India and Afghanistan unite to end polio now
India and Afghanistan cricket teams join forces to appeal to parents to immunize their children against polio and end the crippling disease in the region once and for all.
SRI LANKA - Indian batting superstars Virender Sehwag and Suresh Raina, together with Afghanistan captain Nowroz Mangal and star all-rounder Mohammad Nabi today met to exchange bats signed by their national Twenty20 teams as a symbol of the countries’ commitment to end polio once and for all. On their return to their home countries, UNICEF will present the bats to the Governments of Afghanistan and India to underline cricket’s support in the fight against polio. (UNICEF article)
During the Afghanistan v India clash on Wednesday 19 September, UNICEF, with the support of the International Cricket Council, will display polio eradication messages on the electronic advertising boards and on the electronic scoreboard. The messages, in English, Hindi and Pashto, will literally show signs of support for Afghanistan’s fight against polio and call on Afghan parents in the local Pashto language to immunize their children against polio.
Afghanistan, Pakistan and Nigeria are the only three remaining countries yet to stop poliovirus transmission. India stopped polio in January 2011 and is now committed to supporting Pakistan and Afghanistan in eradicating the virus across south Asia, while maintaining very high levels of childhood immunity against polio through regular polio immunization campaigns to guard against an importation of the virus.
Indian opener Virender Sehwag, a long-time supporter of the polio eradication effort, paid tribute to the parents and caregivers in India who had answered the call to immunize their children against polio. “Stopping polio in India was like playing a long innings, it took a lot of focus and effort, but India has proven that this disease can be stopped everywhere in the world, once and for all. We support Afghanistan and Pakistan in its fight against this disease, so that soon no child in the region ever needlessly be paralyzed by polio again.”
Afghanistan captain Nowroz Mangal said that as professional sportspeople, it was an honour to stand up publicly against a disease that cripples children for life. “There is no excuse for polio to still be crippling our children, as we have a vaccine that is safe and effective against this virus. Every child has the right to run and to play and it’s everyone’s responsibility to ensure that every child is protected against this disease. I call on all parents across Afghanistan to immunize your children against polio, and end this terrible disease in our country.”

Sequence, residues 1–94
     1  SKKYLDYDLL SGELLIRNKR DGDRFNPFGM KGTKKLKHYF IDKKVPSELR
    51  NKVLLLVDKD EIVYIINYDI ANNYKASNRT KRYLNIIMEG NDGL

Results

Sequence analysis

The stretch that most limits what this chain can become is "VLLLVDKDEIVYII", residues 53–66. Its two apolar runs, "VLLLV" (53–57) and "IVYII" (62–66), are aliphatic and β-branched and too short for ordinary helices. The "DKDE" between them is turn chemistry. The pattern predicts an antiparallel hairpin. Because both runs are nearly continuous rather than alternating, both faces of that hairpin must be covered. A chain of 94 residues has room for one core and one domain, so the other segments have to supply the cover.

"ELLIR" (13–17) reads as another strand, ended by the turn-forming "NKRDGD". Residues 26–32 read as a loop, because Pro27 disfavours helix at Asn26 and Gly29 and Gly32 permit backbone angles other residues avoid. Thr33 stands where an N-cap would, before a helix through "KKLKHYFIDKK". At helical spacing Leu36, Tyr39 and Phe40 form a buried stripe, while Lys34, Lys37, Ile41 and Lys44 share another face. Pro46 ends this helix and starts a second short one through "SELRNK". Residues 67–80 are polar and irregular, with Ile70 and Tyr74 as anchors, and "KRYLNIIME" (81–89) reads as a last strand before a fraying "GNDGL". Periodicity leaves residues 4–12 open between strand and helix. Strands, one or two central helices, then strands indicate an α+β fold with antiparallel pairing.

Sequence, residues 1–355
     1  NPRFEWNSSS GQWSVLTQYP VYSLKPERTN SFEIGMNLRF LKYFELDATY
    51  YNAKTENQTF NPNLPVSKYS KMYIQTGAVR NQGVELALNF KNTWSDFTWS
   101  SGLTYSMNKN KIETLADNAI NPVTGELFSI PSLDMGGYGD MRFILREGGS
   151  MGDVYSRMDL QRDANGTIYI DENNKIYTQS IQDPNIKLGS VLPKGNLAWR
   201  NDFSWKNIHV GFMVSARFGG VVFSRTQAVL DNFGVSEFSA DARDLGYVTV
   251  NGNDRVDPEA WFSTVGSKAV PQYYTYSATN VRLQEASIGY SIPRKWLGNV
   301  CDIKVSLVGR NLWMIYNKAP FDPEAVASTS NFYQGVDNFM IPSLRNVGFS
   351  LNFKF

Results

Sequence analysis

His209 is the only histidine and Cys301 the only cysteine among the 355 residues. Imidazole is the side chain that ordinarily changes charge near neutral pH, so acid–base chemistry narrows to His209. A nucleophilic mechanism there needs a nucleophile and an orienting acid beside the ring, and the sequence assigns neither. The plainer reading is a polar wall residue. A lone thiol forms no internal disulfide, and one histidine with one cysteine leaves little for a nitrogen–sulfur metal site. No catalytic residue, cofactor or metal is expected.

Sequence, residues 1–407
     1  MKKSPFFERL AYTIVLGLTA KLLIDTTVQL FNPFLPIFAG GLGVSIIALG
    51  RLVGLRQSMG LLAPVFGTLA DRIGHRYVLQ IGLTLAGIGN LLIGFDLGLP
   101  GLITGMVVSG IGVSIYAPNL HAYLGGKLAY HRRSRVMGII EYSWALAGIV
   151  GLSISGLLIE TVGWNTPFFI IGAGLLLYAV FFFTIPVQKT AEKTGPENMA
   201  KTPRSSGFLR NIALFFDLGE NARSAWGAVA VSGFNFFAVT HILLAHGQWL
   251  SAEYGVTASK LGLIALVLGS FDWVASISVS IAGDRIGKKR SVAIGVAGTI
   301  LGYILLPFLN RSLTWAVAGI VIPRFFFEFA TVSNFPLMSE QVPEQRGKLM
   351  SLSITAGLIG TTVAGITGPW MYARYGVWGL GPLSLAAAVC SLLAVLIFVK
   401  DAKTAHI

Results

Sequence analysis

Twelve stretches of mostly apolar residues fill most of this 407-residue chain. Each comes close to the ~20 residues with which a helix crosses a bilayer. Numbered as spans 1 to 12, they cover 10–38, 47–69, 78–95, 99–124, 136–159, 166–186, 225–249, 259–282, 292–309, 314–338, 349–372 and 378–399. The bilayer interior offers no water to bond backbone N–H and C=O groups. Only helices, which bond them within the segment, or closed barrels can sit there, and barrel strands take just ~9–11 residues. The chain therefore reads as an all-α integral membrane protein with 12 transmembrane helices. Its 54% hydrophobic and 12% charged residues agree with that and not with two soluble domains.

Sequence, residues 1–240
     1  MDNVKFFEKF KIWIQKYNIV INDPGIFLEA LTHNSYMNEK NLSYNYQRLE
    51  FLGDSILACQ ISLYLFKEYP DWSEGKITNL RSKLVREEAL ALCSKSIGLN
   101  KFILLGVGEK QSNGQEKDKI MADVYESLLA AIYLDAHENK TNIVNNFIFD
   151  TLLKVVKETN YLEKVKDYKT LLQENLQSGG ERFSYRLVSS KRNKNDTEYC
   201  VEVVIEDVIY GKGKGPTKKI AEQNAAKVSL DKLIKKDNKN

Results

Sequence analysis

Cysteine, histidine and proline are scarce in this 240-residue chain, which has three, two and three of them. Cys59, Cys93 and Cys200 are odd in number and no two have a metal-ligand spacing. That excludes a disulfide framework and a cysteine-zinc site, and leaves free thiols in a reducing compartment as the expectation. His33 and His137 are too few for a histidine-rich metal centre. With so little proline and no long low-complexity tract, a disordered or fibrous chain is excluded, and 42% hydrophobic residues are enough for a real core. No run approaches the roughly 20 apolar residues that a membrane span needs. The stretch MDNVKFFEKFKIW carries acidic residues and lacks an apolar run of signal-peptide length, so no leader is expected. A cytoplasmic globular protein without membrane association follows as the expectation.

UNICEF Goodwill Ambassador and former Afghanistan captain Raeez Ahmadzai paid tribute to the current-day players for their support of the polio eradication campaign. Mr Ahmadzai, a vocal and enthusiastic supporter of polio eradication efforts in Afghanistan, said players taking this stance had a lot of impact in the community. “Their actions and their words today are crucial to our efforts to eradicate polio,” Mr Ahmadzai said. “Their voices help us to reach young parents and communities in some of the most remote and difficult areas of the country, to encourage them to protect their children against polio by having every child in the community vaccinated, every time.”
As of 12 September, there have been just 136 cases of polio reported worldwide in 2012, compared with 650 cases recorded in 2011. In Afghanistan, 17 cases have been reported this year, while 80 cases of polio were registered in 2011. In 1988, when the Global Polio Eradication Initiative was launched, more than 350,000 cases were reported each year from 188 endemic countries. Now just three countries remain polio-endemic: Afghanistan, Pakistan and Nigeria.
India’s last case of polio was recorded on 13 January 2011. On 25 February 2012 the World Health Organization officially struck India off the list of remaining polio-endemic countries.
The Global Polio Eradication Initiative is a partnership between Governments, the World Health Organization, Rotary, the US Centers for Disease Control and Prevention and UNICEF.
UNICEF works in 190 countries and territories to help children survive and thrive, from early childhood through adolescence. The world’s largest provider of vaccines for developing countries, UNICEF supports child health and nutrition, good water and sanitation, quality basic education for all boys and girls, and the protection of children from violence, exploitation, and AIDS. UNICEF is funded entirely by the voluntary contributions of individuals, businesses, foundations and governments. For more information about UNICEF and its work visit: www.unicef.org
For further details, please contact:
UNICEF Afghanistan chief, comms and advocacy Alistair Gretarsson
Tel + 937 98507110
UNICEF India communications specialist Rod Curtis
Tel + 919 717000891
UNICEF India cricket consultant Jeff Lepps
Tel + 947 71271479